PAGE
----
Part 1 of 5
WATERTOWN, S.D. – As Indian country evolves, one agent of change – tribal enrollment – seems to stand out, accompanied by blood quantum, lineal descent, disenrollment, and its other sometimes controversial relatives.
Tribal enrollment can matter in terms of benefits in housing, land ownership, employment, education, and per capita payments, among others. There are obvious intangibles, as well – a sense of kinship and of continuity over time as tribal nations exercise their sovereign right to determine membership.
But in the complex world of tribal enrollment ordinances, people of substantial Native ancestry may not be able to enroll for a variety of reasons. At the same time, people with very few Native ancestors may find enrollment a snap.
The two stories that follow are far from definitive, but they illustrate at least one piece of a wide-ranging discussion – the private and human sense of feeling excluded or included.
“I tried to get enrolled basically all my life,” said Robert Upham, 47. “It made me angry, frustrated. When I was a little kid, I was just Indian – I was brown, I had relatives who were Indian. I never felt I was not Indian.” It began to change in fifth grade because he couldn’t attend a basketball camp open to enrolled children.
It began to matter even more when his grandmother tried to give him land and he couldn’t have it because he was not enrolled. He lived in Harlem, Mont. on the Fort Belknap Indian Reservation, home of the Assiniboine and Gros Ventre, where he lacked the blood quantum for membership at that time.
Upham, a long-time resident of tribal neverland, was only recently enrolled in the Sisseton-Wahpeton Oyate, although his Dakota, Assiniboine, Gros Ventre, Salish and Pend d’Oreilles ancestry brings his Native descent to well over half at this point and his genealogy is still not complete.
Things changed at Fort Belknap, he said, because the quantum was dropped from one-fourth to one-eighth, “but I didn’t want to enroll, now. I didn’t want to be a one-eighth Indian.” Instead, he joined other family members in enrolling in the Sisseton-Wahpeton Oyate, although he had never lived there.
The frustration he long felt is part of what thrust him onto the Internet, at times angrily, about rules that “diminish us and disintegrate our unity as a people.” He interviews people and posts on his blog. He maintains an active role in questioning blood quantum and other enrollment issues he regards as divisive and says he would like to help develop a solution.
“I’m against enrollment, but now I’m enrolled.” Blood quantum rules that halted his enrollment elsewhere did not apply at Sisseton, where “borrowing blood” from other tribal nations is permitted and where he works for a tribal casino.
“People may say it doesn’t matter – you don’t have to be enrolled to be Indian, but they don’t realize what being enrolled involves,” he said. For example, it can be a factor in hiring and in having a voice in tribal government.
Then there are the thousands upon thousands of tribal enrollees who don’t “look Indian” and haven’t grown up in tribal communities. They are often from tribal nations that determine membership or citizenship only by descent from documented tribal ancestors.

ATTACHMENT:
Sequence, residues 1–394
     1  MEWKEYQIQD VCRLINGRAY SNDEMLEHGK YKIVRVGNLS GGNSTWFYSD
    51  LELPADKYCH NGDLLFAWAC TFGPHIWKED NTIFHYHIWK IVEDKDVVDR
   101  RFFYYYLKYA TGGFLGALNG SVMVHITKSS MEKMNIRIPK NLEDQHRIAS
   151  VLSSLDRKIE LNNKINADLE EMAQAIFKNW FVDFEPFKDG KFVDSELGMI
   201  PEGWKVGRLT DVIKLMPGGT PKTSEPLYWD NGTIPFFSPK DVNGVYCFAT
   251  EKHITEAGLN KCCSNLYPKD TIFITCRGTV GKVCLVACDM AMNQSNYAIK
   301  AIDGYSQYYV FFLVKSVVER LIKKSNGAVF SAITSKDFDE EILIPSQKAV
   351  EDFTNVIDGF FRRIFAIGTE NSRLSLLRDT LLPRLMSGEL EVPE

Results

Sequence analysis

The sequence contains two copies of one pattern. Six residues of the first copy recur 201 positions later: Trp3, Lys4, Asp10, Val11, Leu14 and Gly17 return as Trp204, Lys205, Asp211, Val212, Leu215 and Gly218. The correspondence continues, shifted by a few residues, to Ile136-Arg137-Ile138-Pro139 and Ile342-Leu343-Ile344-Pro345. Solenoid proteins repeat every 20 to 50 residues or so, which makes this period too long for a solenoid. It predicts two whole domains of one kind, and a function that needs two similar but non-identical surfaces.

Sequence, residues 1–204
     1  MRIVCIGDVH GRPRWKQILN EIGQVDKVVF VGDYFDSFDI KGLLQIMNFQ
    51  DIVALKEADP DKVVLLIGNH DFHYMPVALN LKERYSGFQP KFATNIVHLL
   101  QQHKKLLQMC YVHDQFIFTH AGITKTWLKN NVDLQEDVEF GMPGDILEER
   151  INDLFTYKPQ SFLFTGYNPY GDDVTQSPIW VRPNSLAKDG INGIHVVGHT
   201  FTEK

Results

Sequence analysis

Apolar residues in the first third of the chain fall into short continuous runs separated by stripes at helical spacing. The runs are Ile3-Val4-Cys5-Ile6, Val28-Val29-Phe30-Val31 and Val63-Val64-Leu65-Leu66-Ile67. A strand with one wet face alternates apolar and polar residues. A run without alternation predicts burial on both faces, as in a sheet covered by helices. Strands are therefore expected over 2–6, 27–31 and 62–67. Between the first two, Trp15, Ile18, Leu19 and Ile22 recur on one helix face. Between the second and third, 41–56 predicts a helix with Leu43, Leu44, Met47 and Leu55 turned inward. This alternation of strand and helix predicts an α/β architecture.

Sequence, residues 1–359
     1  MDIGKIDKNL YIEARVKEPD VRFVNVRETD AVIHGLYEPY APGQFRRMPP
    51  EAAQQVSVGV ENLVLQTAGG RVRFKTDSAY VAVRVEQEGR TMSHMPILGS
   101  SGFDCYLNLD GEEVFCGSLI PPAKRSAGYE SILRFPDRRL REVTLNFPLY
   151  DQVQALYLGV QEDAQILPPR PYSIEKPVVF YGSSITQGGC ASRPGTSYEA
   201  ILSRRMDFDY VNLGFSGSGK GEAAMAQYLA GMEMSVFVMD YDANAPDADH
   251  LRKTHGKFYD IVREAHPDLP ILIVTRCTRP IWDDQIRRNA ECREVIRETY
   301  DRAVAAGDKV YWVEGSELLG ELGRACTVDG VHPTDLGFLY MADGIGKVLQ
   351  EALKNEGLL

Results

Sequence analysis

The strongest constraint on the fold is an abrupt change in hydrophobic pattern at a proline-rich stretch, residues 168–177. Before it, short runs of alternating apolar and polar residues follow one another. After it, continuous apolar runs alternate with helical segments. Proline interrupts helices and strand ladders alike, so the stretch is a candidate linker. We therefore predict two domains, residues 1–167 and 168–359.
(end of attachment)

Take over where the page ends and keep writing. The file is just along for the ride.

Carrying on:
If relatively “high-quantum” Upham has felt anger about his problems getting enrolled despite his disdain at the prospect of being “a one-eighth Indian,” those at that quantum level (or even lower) may have some ambivalent feelings as well.
“I used to say my family was Potawatomi, but it took a long time for me to say that I’m Potawatomi,” said Miccki Langston, Denver suburbanite and member of the Citizen Potawatomi Nation who founded and heads a nonprofit alliance for locally-owned businesses.
“But since I’ve started saying that, the more time I spend talking to others, it’s turned into opportunities to have conversations about issues, history, with lots of different people.
“People ask, ‘How much are you?’ (she declines to respond) but we are Citizen Band Potawatomi because of history, legacy, culture and common values – these are the things that make us Potawatomi. We reject blood quantum as being the deter- mining factor of whether we’re Native American.”
Although Langston does not live in Oklahoma, she knows her tribe’s history in detail, she visits relatives, attends a powwow more attuned to tribal members than to big-money contests, and summarizes, “We are definitely trying to understand and establish more of what it is to be Potawatomi today. It’s not the same thing it was 50 years ago, let alone 500 years ago.” When she is asked about people who have greater Native ancestry but are unable to become enrolled, she said, “I think it’s awful if you have people who want to participate but can’t. It’s no longer fulfilling the purpose of community and identity – it can get to be, ‘I’m entitled to something you’re not entitled to.’”
Langston believes blood quantum requirements, for one, were created “to limit access to resources” and she raises questions about whether enrollment and tribal commitment “make us better people taking better care of one another, or it just means a card in my wallet.
“We always knew we were Potawatomi: If anyone asks you, you know – and this is important. Family is a core Potawatomi value,” she said, adding that her mother always told her children, “You don’t always have to like each other or get along, but always help each other.”
An oft-repeated tale is that somewhere in the Southwest is a man of full Native ancestry who can’t readily become enrolled because his mother’s tribe bases eligibility on patrilineal descent and his father’s tribe requires matrilineal descent. Apocryphal or not, it depicts the frustration of what may be a growing number of aspiring enrollees.
Part 2 – Who is ‘Indian’ Varies by Definition